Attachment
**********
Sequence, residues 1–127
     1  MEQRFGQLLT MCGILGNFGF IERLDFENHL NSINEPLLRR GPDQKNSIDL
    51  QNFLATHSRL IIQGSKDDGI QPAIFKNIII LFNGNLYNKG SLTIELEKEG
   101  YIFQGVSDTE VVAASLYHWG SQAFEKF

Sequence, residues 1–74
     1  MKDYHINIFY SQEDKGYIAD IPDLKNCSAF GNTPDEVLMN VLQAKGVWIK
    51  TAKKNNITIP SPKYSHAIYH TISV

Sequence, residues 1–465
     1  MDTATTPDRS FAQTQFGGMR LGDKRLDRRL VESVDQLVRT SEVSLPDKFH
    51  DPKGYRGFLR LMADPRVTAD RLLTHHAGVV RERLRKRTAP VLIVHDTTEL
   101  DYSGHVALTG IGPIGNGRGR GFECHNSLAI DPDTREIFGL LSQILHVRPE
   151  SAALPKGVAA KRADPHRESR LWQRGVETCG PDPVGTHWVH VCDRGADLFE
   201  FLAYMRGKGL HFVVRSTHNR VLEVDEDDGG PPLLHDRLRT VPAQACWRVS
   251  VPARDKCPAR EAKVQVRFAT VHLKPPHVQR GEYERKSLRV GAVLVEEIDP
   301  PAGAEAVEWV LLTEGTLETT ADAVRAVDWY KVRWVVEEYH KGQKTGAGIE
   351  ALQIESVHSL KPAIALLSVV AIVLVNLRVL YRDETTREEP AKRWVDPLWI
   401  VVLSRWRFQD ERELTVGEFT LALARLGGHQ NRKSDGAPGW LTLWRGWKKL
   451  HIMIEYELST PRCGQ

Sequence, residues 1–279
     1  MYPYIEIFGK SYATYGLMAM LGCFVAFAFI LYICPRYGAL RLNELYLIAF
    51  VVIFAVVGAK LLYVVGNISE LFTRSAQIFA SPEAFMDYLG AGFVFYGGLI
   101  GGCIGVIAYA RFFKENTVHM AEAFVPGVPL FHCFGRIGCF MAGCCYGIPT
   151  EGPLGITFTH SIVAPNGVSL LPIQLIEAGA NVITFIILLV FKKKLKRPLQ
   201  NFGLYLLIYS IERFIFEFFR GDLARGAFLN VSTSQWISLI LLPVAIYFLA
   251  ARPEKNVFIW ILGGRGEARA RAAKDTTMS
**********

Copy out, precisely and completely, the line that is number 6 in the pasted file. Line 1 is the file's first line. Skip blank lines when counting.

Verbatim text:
     1  MKDYHINIFY SQEDKGYIAD IPDLKNCSAF GNTPDEVLMN VLQAKGVWIK